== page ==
Perrin Harkins wrote:
On Tue, 2004-06-08 at 10:55, Frank Wiles wrote:
  I agree mod_perl needs more PR.  I think we've got a great community
  of people to help on the mailing list, tons of great documentation,
  but lack in several areas:

  1) PR announcements in general (When is the last time you saw mod_perl
     in the press?) 
  2) Online and magazine articles about mod_perl 
  3) HOWTOs on specific subjects
  4) Small application examples with developer commentary.

These are really two different things.  The first two are more about
getting the word out while the second two are about helping people with
practical coding issues.  We are well-equipped to handle the second two
right here, but the first two might require some help from other groups.

In particular, I would say it's a mistake to think that mod_perl
specifically needs PR.  There is no important difference between
promoting mod_perl and promoting Perl in general.  That's why I think
this sort of thing should be pursued through The Perl Foundation, rather
than as some sort of separate splinter group.

I strongly disagree. One example about my own experience:
I'm using perl for cgi scripts since 1996 and I very much love perl. I'm not a professional, and my daytime job (which is much more than daytime) has until now nothing to do with programming. Somewhere beginning of 2003, I started planning a new project, and was hesitating in what to write it. Just plain perl-cgi was much to slow. I looked at php. Why ? Because you hear about it, and see it everywhere (= PR !). It's only after a while I remembered having read something about mod_perl ... Then I started reading on My experience and opinion on documentation follows below.
In my opinion mod_perl definitly needs a lot of extra PR. And as Stas more or less said in the meanwhile by promoting mod_perl your promote Perl, and you can even try to get the opposite when promoting Perl, get attention on mod_perl.
All people out there that write web-applications get much to much publicity (as everyone does). So, it's very simple, they will start using the tools they've seen the most and/or heart the most about. And a lot of them don't want to change tools, because that again brings work and time, which they don't have or don't want to spent. In other words, the more you can promote it, the better. The more people read about it, the more people speak about it, the better. And I don't see any problem in co-promoting mp with Perl and vice versa. Both worlds will benefit of it in the long run.

Then about the documentation:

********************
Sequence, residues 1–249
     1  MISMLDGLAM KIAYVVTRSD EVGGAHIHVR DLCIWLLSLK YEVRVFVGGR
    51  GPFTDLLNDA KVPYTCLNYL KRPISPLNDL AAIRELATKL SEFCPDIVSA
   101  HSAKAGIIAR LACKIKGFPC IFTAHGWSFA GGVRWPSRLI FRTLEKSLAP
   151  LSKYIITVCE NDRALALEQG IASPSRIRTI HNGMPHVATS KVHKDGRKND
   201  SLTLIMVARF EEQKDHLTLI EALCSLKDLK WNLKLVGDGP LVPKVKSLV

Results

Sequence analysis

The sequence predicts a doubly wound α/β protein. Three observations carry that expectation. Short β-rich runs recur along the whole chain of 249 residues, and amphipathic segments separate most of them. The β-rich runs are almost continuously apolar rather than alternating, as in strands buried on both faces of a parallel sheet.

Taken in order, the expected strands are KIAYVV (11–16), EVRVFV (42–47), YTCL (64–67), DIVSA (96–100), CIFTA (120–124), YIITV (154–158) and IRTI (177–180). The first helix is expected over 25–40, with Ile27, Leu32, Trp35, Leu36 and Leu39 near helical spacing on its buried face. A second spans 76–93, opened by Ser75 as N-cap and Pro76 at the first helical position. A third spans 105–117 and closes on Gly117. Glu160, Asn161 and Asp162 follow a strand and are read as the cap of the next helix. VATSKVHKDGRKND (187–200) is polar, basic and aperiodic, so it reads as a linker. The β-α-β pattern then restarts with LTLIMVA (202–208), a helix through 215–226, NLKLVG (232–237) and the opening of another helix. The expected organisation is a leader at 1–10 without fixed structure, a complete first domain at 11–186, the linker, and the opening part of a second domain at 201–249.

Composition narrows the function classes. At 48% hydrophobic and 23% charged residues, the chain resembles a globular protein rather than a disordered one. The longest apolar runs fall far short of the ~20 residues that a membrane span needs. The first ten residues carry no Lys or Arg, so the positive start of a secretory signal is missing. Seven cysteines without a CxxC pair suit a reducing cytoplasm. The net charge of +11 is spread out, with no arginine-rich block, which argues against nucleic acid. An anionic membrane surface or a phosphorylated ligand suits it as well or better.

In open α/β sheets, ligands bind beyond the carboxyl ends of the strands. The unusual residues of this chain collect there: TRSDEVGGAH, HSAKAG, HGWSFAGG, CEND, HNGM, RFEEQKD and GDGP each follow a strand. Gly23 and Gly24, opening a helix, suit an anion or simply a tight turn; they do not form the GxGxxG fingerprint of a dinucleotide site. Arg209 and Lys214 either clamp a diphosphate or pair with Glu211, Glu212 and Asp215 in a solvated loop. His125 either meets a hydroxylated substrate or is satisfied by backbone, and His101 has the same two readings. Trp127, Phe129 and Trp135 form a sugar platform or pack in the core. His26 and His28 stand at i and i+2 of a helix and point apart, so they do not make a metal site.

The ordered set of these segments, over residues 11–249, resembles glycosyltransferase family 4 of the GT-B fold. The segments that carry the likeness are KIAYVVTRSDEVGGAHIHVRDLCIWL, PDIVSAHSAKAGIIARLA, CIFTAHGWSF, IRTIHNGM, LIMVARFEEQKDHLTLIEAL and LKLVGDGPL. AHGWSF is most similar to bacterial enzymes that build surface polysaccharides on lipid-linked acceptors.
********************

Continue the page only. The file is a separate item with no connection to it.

When I started reading on, I didn't want to convert existing cgi scripts, but wanted to rewrite something completely from scratch. It would have been easier first to experiment with converting some existing scripts. But as many people I had (and still have) an enormous lack of time, and didn't want to waste time on things I would not use.  I also noticed very quickly that there were important differences between mod_perl 1 & 2, so again, I didn't want to waste time on mod_perl 1, and started directly with mod_perl 2. For me, speed and usability always come on the first place, so I directly started with writing my own handlers using the modperl handler type. With this background, I found the documentation on mod_perl 2 difficult for a new user.
I know most of the problems I encountered are more or less my own fault because I didn't want to spend time reading the docs of mod_perl 1. But I'm sure there are a lot of people out there with the same problem. And I must admit at some point I was thinking about giving up and re-starting with php. I've searched the internet on specific mp2 docs, and found some pdf's and slides from Stas. I also bought Practical mod_perl but was a bit dissappointed that there were only 2 chapters specific about mp2.

In my opinion, it would be a good idea to think about reorganising the online documentation structure. Especially, to make it easier for new users who want to give it a try. And if they want "to give it a try", it's important they succeed quickly in this try, or they give up, and give a try to another tool. Again, the more people that use mp, the more people that will be convinced about mp, and then they will talk about it.

I also find it a very interesting option when people can give comments within the documentation on a per subject basis (like you can do at and at

Maybe another idea (a lot of small things can sometimes make big differences, and it's all about the big difference): If I'm correct there are no specific mod_perl logo's available. Apache, mysql, php, and others: they all have that, and you regurarly see them on sites. Maybe this is also an option to think about.

None of my reactions here are meant as critics (also not on the documentation Stas), it's only meant to possibly help to make things better. I do have a lot of respect for the people here who spent so much time supporting mod_perl !